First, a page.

Bad Readings

There’s a thing with French profs and their TAs, they love to make you read articles about racism against the “immigrants” (still immigrants after three generations?) in the banlieu, the suburbs. I don’t know what it is, but they just LOVE to make us read about that shit. And then they force us to have discussions about possible solutions, mostly about how those solutions are impossible.

Listen, French teachers: your students don’t care. We don’t. The first article you give us to read may be interesting, but the fifteenth is neither informative or entertaining or interesting. It’s not welcome. Yes, I know it’s an important problem your society is facing, but it’s NOT WHY WE’RE STUDYING FRENCH.

New rule: Hopelessness CANNOT be the primary topic of a language learning class.

I hear that it’s similar in Portuguese class, that there are a lot of readings about the crushing poverty of the favelas. For me, in Chinese class last year, it was five articles over five days about the problem of beggars in China.

Can you imagine? It’s like planning an entire ESL course about the inequalities of the American criminal justice system.


It’s time to make them stop.

The problem is, that when you tell them that you hate everything they’ve chosen for you, they inevitably come back and say, well what DO you want to read? huh? think you’re so smart? Why don’t YOU pick the topic? Well?

When my Chinese teacher asked me what I would prefer to read, I knew very well she had no interest in my answer, so I gave her a flippant, “We’re Americans; we want to read about ourselves.” I was only being half facetious.

My friend CS told me earlier today that his Italian teacher had the class read an article about how pollution in the environment may lead to homosexuality. He complained that he didn’t want to read it, and the teacher of course came back with the rhetorical ‘well, then, if you’re such an expert, mister big shot, what DO you want to read? huh? think you’re so big?!’ (ok, I wasn’t there, but that’s how I imagined it went.)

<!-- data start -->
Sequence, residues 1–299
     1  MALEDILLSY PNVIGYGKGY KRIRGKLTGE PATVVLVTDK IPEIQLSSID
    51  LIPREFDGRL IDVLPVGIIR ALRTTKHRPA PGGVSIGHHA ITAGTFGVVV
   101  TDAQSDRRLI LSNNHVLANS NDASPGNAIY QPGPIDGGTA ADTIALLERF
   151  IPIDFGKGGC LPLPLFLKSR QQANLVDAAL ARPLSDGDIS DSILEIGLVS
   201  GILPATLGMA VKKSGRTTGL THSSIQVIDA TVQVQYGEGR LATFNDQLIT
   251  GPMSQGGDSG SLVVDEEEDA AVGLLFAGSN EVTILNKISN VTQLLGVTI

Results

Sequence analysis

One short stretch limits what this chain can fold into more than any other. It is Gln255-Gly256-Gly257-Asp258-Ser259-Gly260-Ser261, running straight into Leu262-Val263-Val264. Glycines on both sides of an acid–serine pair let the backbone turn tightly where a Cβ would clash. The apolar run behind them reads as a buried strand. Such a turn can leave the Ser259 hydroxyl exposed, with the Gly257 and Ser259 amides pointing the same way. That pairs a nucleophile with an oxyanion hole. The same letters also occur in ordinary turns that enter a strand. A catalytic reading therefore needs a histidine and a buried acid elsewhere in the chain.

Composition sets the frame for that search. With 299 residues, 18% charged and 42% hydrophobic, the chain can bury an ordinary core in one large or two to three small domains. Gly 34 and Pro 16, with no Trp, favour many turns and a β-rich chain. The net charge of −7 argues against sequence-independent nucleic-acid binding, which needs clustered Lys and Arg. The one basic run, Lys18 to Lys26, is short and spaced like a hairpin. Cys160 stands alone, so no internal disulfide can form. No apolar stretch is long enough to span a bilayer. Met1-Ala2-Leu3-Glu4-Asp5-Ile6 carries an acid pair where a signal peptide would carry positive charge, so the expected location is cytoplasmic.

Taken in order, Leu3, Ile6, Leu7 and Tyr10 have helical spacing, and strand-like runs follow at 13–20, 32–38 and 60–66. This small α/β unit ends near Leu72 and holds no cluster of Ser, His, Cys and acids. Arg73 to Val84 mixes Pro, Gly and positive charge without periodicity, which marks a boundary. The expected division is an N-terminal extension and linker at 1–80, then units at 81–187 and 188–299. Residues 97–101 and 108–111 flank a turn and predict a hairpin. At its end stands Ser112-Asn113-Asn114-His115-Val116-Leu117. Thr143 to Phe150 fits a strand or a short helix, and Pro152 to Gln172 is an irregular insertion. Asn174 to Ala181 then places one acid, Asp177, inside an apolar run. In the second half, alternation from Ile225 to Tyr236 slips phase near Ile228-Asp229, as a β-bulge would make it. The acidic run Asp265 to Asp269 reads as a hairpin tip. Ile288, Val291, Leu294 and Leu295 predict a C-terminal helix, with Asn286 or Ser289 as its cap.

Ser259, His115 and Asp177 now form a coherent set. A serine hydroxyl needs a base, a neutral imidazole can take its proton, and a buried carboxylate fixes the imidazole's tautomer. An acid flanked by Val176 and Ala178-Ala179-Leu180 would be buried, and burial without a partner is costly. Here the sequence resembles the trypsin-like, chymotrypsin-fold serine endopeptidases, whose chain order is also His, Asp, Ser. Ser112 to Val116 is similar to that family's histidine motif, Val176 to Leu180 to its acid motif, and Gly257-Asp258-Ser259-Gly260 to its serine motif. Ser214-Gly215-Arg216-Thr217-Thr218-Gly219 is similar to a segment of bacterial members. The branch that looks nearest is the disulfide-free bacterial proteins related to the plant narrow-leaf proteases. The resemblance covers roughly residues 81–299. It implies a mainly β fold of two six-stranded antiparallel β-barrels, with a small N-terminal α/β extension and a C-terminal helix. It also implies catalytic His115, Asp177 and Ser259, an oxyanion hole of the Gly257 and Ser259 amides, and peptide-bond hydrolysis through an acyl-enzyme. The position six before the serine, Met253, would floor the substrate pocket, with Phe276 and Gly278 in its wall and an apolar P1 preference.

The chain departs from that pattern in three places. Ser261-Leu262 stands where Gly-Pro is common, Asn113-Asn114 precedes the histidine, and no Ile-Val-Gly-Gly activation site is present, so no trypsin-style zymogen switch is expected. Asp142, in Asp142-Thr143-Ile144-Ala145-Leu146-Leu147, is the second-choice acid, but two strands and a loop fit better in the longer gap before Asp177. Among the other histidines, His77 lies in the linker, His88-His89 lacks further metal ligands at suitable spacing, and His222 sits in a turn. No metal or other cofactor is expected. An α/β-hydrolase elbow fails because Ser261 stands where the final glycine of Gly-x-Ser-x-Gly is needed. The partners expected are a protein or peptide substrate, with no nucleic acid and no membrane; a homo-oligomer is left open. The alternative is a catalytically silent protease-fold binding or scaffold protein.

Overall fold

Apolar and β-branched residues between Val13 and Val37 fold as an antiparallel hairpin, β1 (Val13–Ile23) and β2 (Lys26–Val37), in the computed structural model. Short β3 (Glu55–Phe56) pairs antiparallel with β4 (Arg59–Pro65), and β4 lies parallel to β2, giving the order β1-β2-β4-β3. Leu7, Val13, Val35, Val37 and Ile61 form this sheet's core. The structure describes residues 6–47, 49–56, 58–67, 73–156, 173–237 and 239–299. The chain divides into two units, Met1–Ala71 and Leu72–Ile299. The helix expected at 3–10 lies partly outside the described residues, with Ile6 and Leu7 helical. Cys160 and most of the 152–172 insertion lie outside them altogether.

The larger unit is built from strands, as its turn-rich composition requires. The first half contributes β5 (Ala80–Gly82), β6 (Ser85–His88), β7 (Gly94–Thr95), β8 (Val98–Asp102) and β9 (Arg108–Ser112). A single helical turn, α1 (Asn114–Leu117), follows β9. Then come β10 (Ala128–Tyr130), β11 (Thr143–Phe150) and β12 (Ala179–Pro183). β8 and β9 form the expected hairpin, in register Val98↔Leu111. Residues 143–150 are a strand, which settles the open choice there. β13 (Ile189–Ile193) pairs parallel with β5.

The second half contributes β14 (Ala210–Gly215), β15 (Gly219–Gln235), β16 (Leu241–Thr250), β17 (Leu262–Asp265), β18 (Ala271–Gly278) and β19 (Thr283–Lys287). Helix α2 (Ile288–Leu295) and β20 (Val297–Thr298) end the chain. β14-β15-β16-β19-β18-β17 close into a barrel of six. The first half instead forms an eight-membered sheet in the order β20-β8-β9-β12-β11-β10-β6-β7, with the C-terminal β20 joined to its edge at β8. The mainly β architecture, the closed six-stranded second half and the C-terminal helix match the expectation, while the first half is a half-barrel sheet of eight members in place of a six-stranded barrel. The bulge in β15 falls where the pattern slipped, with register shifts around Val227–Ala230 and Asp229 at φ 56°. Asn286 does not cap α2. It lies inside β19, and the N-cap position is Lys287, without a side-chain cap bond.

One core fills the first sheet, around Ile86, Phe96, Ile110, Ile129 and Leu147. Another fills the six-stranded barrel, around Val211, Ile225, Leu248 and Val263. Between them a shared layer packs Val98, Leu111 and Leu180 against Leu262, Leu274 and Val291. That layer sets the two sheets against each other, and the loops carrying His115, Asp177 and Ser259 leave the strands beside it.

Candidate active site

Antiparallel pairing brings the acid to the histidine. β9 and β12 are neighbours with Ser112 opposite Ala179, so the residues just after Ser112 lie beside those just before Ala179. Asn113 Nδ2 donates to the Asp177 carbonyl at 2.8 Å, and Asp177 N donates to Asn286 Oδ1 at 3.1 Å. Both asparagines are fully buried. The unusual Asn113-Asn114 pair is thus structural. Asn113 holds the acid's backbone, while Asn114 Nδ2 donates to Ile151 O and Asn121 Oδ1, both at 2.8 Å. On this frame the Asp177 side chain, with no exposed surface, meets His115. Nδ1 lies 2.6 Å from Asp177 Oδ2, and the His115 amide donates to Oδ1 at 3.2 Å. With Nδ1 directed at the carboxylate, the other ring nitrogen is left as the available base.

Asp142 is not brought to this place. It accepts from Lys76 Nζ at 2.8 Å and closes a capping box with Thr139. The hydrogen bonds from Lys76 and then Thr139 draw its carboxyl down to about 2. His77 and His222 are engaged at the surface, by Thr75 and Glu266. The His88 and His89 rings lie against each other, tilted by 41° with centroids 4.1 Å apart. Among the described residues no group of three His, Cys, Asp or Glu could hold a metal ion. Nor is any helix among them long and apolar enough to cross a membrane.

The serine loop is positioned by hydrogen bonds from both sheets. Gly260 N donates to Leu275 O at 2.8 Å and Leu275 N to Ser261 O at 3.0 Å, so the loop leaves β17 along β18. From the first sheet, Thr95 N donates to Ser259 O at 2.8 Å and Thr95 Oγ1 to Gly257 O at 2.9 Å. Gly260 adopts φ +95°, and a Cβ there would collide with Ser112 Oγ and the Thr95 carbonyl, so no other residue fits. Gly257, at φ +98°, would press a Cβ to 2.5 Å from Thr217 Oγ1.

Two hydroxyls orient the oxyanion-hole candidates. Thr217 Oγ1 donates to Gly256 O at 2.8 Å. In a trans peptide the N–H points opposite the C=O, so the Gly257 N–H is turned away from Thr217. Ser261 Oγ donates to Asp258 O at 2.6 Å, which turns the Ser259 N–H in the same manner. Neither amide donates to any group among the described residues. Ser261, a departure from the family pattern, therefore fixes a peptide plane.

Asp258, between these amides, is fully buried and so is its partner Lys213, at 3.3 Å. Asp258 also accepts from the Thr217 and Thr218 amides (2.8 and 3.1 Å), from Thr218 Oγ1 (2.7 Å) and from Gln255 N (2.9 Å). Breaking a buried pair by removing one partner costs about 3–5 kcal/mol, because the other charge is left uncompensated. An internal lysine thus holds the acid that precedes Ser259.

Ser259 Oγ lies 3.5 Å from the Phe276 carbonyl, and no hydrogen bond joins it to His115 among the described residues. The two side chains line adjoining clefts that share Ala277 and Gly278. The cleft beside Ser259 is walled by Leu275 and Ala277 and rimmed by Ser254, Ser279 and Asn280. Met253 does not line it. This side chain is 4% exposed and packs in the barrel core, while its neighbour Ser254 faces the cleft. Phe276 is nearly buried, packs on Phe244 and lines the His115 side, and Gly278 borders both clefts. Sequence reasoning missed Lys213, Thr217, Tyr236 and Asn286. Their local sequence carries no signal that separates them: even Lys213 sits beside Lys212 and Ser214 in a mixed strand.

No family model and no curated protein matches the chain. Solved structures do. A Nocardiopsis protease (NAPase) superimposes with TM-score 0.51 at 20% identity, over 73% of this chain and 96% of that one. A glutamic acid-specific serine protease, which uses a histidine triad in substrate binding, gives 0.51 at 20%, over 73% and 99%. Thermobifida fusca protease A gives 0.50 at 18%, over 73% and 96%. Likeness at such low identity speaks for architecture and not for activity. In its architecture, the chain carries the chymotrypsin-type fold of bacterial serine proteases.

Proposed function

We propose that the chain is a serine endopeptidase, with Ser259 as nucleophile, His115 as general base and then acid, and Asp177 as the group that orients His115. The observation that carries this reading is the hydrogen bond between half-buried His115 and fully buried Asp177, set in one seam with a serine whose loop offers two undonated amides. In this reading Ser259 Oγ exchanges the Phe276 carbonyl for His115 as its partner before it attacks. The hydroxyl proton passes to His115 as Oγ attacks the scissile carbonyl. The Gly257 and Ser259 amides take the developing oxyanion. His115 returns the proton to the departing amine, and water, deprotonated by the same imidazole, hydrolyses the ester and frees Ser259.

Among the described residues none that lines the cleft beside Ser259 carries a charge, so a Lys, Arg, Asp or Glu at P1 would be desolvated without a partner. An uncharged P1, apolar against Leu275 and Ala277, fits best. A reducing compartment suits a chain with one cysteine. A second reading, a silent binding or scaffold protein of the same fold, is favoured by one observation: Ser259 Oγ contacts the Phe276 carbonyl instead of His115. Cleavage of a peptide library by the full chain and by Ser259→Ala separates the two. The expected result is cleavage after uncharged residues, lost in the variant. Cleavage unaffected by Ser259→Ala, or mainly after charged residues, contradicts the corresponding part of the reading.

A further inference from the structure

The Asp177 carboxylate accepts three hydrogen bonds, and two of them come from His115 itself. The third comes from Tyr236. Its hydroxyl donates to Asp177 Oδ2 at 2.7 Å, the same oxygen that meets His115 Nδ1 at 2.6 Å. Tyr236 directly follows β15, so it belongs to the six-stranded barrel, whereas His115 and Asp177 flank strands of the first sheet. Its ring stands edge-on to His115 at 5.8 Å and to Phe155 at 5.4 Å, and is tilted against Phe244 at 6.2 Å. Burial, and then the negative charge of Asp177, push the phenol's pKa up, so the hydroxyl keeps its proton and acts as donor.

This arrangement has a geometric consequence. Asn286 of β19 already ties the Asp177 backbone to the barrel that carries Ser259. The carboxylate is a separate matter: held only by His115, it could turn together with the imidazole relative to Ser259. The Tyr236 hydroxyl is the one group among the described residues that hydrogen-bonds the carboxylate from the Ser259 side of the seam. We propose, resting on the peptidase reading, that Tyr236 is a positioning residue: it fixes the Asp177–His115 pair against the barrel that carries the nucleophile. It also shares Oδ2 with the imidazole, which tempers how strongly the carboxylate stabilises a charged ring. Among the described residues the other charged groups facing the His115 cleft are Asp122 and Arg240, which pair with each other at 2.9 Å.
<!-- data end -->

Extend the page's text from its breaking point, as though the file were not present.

CS replied “let’s talk about local politics, but in Italian; let’s talk about FIFA World Cup, but in Italian; let’s talk about the Islamic world, but in Italian; heck let’s talk about food and drink in Italian.”

What do you think happened after that? Exactly. The teacher directed them back to an anti-gay, preposterously infuriating text, and CS quit the class.

Any and all of the topics that CS had suggested were more valid. The teacher would complain that those topics were not “academic” enough, and that is due to the fact that the teacher is a pile of garbage and should be fired. No one should be expected to learn language when they are filled with disgust.

A few years ago, I told my boss I wanted to make an entertaining series about Spanish grammar. He looked at me in the eye and said “you can’t make grammar entertaining,” because he is a pile of garbage. Stupid! Any entertainment that involves LANGUAGE necessarily contains grammar. It’s just a matter of being entertaining. And that’s how we made the La Clave videos.

Obviously many, many people operate under the stupid presumption that all learning, including language learning, necessarily must occur absolutely joylessly; if you feel hopelessness and you want to quit, you must be doing it right. “No pain, no gain” they say.

What’s maddening is that there are plenty of successful language learners who believe that language learning should feel horrible, and they throw themselves into horrible cram-and-memorize situations, or hold their breaths and plunge into punishingly hopeless texts, and then say that they this has CAUSED their proficiency. Forgetting, of course, the good stuff: making friends, going out to dinner, having lively discussions about things you know and care about, exploring and discovering the world around you. All of these other things are real, valid language-learning activities. So is reading literature for entertainment; so is reading about scientific discussions that actually effect our lives.

On the other hand, some bullshit antigay pseudo-scientific article linking homosexuality to pollution is not a language learning activity. It’s just not.

2 thoughts on “Bad Readings

  1. Wonderful! This should be the first required reading for a primer on foreign language reading. At some point, it would be great if you elaborate on the entertaining videos you did on Spanish grammar, as well. If there is anyway to do grammar in the lower levels (or perhaps anywhere), it should be through humor.


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